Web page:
Sutpens white women in W. Faulkners Absalom, Absalom!
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Because the novel itself is full of useful passages that have to be interpreted and questioned, I have decided to limit the secondary literature for this term paper in order to stay close to the book as much as possible. My research in the internet did not turn out to be useful for this term paper. One absolute important aspect which should be kept in mind during entire the novel is the fact that nothing actually is a fact.
Starting with Rosa Coldfield, Faulkner introduces furthermore Mr.
As it would not be enough, two totally different settings move the detailed hints about the plot even more apart from each other:. Every single narrator in Absalom, Absalom! The problem is that none of them has experienced the whole Sutpen saga personally and that they discuss it among each other:. Quentin and Shreve only put together the pieces which seem to be important and interesting for them; Rosa Coldfield was too young and lived during her childhood too far away from the plantation to be totally engaged in the story and Mr.
Compson hands it down from his father to his son Quentin. At the end of Beloved , there is at least a faint hope of the restoration of order on the micro-level of the family and a decidedly bright outlook for the young Denver. Denver, the descendant of the oppressed, finds a source of independence in her newly acquired knowledge of her past and reinvents herself.
Quentin, however, is devastated by the insufferable story of the South, in which he did not participate but for which he nonetheless feels responsible: I am going to have to hear it all again he thought I am going to have to hear it all over again I am already hearing it all over again I am listening to it all over again I shall have to never listen to anything else but this again forever. The two novels taken together tell the story of the American South from complementary sides, from the points of view of the powerful and the powerless, the oppressors and the victims, thus providing a comprehensive social panorama of the 19th-century American South.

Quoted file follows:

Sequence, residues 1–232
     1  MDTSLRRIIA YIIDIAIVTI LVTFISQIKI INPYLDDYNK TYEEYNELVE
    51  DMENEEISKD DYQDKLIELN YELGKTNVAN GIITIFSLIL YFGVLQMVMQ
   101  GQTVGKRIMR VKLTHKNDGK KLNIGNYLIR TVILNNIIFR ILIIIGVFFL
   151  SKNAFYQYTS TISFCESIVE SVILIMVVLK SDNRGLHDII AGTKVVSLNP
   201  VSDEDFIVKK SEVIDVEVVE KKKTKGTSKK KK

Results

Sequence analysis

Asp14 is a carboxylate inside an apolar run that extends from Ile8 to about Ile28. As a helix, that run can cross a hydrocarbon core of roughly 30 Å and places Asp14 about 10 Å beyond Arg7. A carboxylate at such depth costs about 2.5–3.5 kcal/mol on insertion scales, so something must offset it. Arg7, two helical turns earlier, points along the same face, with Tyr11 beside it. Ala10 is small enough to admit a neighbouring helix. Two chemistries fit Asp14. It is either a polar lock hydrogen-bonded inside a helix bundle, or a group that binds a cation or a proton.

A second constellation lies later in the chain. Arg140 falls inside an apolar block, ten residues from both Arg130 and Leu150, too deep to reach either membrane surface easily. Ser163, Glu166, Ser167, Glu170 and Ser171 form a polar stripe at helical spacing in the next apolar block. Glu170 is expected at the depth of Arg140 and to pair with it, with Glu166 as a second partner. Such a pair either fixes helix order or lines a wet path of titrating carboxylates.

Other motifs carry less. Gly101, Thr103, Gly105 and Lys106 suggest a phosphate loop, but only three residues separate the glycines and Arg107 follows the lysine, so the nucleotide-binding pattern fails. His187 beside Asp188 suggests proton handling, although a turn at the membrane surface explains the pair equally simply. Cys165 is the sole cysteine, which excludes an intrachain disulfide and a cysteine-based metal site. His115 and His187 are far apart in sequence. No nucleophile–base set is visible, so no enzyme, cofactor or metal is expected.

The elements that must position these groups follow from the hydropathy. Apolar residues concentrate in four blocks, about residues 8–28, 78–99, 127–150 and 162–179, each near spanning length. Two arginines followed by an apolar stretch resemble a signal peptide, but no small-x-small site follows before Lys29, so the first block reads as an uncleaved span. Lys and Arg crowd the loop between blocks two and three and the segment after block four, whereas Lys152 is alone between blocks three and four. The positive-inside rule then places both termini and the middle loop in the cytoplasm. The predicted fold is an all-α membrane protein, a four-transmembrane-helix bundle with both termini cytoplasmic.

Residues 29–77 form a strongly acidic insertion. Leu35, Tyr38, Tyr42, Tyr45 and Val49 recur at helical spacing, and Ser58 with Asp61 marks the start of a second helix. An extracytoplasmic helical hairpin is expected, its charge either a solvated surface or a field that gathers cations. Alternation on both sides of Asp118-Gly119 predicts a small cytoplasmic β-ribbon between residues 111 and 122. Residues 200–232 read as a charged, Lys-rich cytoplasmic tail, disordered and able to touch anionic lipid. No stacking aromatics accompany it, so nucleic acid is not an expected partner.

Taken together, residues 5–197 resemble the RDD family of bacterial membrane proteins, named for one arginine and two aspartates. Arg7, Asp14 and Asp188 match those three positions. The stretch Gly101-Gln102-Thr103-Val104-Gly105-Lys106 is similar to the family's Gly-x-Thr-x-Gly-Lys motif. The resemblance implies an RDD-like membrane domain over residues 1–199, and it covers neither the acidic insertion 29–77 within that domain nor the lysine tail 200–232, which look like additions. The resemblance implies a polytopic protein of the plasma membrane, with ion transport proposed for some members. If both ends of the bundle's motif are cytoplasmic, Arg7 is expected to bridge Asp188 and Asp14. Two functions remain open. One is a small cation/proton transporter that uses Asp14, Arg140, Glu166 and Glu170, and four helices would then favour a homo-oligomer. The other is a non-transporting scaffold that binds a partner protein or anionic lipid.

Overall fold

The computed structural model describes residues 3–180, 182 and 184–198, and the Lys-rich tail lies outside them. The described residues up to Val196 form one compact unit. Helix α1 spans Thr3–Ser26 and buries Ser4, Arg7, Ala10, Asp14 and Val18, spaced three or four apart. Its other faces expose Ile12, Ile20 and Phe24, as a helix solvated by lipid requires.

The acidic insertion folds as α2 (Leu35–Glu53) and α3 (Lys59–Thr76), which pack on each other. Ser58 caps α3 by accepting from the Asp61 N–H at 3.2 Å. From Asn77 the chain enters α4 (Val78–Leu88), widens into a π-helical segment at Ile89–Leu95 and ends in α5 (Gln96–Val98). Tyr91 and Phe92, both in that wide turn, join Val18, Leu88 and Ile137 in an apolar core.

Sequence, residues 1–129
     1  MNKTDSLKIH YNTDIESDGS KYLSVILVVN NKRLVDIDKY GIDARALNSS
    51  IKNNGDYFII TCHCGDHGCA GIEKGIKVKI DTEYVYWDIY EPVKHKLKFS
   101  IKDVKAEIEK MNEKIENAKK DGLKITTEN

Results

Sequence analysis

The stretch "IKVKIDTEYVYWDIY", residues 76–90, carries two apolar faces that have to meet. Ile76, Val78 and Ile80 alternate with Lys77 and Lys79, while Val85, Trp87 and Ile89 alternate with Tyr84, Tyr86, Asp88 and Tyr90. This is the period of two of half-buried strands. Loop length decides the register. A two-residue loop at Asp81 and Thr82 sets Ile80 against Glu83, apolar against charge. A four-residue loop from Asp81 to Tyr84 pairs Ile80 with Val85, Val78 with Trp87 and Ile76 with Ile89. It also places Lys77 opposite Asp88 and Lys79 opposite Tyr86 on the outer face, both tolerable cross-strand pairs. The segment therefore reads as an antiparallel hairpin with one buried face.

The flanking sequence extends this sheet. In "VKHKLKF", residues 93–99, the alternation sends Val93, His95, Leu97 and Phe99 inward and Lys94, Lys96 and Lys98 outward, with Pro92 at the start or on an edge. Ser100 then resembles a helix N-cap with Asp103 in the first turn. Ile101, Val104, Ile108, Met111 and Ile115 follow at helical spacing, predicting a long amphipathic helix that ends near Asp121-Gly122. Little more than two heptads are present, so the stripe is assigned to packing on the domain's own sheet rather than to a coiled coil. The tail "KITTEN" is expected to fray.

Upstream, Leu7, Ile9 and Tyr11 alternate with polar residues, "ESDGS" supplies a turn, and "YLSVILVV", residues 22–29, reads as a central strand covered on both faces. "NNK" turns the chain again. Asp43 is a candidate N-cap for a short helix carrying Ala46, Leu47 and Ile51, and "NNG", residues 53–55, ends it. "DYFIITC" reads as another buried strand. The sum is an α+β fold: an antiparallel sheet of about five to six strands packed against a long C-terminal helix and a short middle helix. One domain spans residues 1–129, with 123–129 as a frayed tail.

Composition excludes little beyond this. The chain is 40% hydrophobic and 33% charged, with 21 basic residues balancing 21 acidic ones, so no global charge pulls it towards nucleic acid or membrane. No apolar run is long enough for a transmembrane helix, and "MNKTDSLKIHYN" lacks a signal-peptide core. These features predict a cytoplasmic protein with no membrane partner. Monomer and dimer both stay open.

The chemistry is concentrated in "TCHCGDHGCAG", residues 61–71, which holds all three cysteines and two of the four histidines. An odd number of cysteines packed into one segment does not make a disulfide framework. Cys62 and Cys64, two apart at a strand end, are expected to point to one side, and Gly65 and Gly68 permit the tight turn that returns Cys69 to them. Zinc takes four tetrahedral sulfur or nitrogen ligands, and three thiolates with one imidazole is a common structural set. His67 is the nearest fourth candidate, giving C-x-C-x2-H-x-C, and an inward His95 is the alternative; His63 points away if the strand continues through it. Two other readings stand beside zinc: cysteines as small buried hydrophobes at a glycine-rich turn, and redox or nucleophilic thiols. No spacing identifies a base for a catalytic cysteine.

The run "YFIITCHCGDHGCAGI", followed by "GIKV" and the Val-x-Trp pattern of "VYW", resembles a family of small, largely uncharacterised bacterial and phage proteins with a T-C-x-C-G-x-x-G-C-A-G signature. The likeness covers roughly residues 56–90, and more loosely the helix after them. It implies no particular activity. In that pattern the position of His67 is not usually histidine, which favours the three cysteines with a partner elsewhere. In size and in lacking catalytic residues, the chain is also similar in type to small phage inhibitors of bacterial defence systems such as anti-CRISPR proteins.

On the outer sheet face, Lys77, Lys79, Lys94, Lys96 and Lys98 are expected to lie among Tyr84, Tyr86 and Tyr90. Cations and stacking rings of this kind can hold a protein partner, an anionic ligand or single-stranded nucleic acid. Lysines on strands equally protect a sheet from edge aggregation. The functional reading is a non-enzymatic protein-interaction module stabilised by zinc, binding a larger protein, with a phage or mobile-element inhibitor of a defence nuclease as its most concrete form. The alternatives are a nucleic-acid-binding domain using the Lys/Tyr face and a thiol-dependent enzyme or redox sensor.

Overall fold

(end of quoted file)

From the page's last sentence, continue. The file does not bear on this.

In the traditions of Gothic realism and postcolonial Gothic respectively, the South emerges as populated with supernatural beings: slaveholders are portrayed as demons and their victims as a whole range of creatures from the other side — monsters who try to fight oppression, zombies whose souls have been devoured by the oppressive system, ghosts and revenants who return to haunt their wrongdoers and hybrids whose transgressive nature is feared by the oppressors and the oppressed alike. The unexpected effect of these unequivocally Gothic descriptions is, paradoxically, a feeling that by appropriating Gothic conventions Morrison and Faulkner painted a very realistic picture of the 19th-century American South.
Works Cited Baehl, Valerie. Briggs, Julia. Introduction: Down at the Crossroads. Crook, Nora. Denison, Sheri Ann.
Faulkner, William. Absalom, Absalom! Vintage, Giles, Michelle. Grewal, Gurleen. Louisiana State University Press, Kirsch, Elizabeth.
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Kolmerten, Carol A. Introduction: Refusing to Look Away. Kolmerten, et al.
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Morrison, Toni. Plume Books, Smith, Allan Lloyd. Snodgrass, Mary Ellen. Encyclopedia of Gothic Literature. Facts on File, Sundguist, Eric J. Faulkner: The House Divided. John Hopkins University Press, Worrall, David. Whether writers appropriate the Gothic completely or take only some of its elements, it is because of this pronounced adaptability that they see this genre as a convenient vehicle for conveying their messages.